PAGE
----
(but the tree is staying up.)
If my post a couple weeks back wasn’t indicator enough of the festivity that happened in our home (hearts, really) this year, this little story will.
I told Brock before bed tonight that it was time to take the tree down and put away our Christmas cheer until next year. The kid actually teared up. Like, real life tears. (I am going to partially blame the over-exhaustion.) We talked through the excitement we’ll have pulling out the boxes again next year, and how it wouldn’t be that exciting if we just left it up all year. Kind of like how our coffee table isn’t exciting anymore. He started to get it, and after a long silence, finally said, “So should I say goodbye to the tree now, or will it still be here in the morning?” (Evidently we share that gene of needing proper closure on seasons/holidays/everything ever.)
Even beyond Brock’s exhaustion though, the tears made sense. Cutting down Christmas trees has been a family tradition since I was a little kid in a grass skirt on the hillside in Papua New Guinea. We’ve always made much of the event. This was the first time he was responsible for the tree cutting process. This tree was symbolic of his manhood.
I’m fairly certain our neighbors could’ve used a peace offering after we dragged that tree up three flights of stairs, laughing all the way (ha ha ha…).
We celebrated our acquisition in the way we always do.
And because I know you wouldn’t have proper closure on our tree trimming party without a picture of the final piece, I present to you, the angel topper:
After the party’s sugar high (and inevitable crash), we soaked in the illuminating cheer over a bowl of tomato soup and Home Alone.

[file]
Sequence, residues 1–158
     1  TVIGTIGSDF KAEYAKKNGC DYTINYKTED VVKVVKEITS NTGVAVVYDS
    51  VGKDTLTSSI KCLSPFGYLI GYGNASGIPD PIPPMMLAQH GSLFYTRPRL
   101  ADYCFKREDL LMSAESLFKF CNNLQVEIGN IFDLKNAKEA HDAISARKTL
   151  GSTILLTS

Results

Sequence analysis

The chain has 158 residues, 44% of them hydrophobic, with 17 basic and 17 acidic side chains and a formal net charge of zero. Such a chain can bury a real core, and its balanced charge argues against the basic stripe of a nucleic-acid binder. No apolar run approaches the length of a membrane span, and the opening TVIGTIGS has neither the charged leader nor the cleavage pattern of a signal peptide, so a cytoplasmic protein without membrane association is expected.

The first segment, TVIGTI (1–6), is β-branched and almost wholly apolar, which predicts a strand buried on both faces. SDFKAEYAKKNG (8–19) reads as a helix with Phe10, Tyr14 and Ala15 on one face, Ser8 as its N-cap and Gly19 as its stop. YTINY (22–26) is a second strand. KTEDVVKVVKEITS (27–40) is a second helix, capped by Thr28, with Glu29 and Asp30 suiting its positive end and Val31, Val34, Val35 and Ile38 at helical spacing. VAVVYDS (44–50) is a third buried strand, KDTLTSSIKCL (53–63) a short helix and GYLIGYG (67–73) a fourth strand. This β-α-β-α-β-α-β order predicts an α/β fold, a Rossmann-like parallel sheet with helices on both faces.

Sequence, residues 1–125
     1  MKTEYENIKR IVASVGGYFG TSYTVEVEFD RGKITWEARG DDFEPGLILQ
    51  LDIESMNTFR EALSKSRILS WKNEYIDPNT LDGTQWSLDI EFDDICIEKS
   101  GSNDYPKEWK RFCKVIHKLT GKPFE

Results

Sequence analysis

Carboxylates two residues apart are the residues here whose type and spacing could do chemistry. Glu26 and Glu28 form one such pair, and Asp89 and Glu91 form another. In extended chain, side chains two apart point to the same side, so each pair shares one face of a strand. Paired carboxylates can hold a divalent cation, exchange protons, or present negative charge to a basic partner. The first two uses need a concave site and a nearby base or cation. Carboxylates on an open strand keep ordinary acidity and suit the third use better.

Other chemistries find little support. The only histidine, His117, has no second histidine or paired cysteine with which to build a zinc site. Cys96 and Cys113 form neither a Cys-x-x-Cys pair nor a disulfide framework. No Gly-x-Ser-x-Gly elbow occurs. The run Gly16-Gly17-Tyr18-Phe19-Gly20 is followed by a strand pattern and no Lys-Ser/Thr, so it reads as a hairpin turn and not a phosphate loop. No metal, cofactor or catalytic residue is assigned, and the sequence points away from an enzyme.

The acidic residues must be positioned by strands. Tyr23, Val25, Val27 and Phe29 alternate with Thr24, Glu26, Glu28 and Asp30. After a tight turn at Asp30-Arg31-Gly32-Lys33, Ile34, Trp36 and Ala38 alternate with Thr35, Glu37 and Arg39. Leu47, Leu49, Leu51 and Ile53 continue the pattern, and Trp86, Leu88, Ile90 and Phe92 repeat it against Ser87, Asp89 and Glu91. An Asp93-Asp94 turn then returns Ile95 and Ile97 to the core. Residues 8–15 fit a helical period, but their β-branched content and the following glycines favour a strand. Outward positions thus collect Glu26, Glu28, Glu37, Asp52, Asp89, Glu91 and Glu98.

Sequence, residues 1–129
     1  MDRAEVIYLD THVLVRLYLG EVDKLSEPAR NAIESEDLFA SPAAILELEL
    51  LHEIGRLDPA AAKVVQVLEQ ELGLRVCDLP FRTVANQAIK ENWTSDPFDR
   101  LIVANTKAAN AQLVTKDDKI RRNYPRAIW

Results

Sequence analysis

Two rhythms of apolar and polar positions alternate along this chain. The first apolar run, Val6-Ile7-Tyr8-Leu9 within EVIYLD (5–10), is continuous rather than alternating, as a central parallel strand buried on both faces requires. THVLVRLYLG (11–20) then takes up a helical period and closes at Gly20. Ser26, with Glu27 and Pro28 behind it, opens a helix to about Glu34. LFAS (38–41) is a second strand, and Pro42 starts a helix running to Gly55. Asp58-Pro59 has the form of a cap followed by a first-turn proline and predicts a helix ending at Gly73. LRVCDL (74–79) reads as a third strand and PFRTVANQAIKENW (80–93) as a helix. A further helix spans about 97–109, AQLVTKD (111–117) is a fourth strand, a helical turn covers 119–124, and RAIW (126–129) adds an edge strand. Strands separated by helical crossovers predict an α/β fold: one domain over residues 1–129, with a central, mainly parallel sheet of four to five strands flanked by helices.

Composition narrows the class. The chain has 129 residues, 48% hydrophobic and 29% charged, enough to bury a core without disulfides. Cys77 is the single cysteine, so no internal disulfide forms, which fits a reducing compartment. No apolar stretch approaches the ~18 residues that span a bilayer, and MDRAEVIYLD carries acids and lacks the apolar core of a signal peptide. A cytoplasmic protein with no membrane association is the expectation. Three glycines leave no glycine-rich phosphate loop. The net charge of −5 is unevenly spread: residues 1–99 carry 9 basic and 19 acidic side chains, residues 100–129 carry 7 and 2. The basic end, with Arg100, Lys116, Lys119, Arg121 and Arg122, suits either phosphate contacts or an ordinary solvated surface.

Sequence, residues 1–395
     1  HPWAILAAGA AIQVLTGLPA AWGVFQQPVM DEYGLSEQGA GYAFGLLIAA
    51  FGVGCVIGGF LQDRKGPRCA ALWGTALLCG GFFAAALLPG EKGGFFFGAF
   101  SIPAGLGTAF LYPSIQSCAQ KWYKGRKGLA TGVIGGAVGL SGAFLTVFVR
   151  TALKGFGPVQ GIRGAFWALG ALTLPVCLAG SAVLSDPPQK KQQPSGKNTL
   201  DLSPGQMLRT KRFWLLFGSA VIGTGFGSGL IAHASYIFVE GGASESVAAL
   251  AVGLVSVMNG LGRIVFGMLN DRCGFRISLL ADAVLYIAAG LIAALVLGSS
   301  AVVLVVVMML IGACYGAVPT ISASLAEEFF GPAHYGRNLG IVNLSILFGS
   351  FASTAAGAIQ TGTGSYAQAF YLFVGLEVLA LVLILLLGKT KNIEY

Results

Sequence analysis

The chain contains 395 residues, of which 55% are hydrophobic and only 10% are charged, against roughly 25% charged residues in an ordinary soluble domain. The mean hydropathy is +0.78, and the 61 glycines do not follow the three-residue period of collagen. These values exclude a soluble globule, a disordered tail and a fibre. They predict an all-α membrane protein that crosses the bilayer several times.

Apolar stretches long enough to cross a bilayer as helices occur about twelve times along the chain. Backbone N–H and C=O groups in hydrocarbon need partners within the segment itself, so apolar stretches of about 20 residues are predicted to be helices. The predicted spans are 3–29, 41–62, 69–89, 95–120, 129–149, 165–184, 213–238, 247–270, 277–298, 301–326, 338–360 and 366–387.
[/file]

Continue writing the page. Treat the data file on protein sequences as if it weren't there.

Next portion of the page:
A lot of memories were made around Brock’s tree this year.
We finally tried to get “real” pictures in front of the tree before church on Christmas Eve. Brock was cooperating, and then things went downhill. I blame the lack of success on the recent return of my remised Christmas spirit. I wanted to apologize (mostly for the sake of my very proper grandmother), but realized it’d be a lie anyway. Instead, I cropped the crotch shot so as to at least maintain some of my lady-like dignity.
Although we didn’t end up with a Christmas-card-worthy picture of the two of us this year, we enjoyed making the most of this tree. Of this season. Of this revived Christmas spirit.
So, neighbors, my apologies in advance for the glow you may still be fighting off of your living room television screens tomorrow evening (the benefits of big windows and shared spaces in condo living), but Brock and I are not ready to say goodbye to our tree tonight.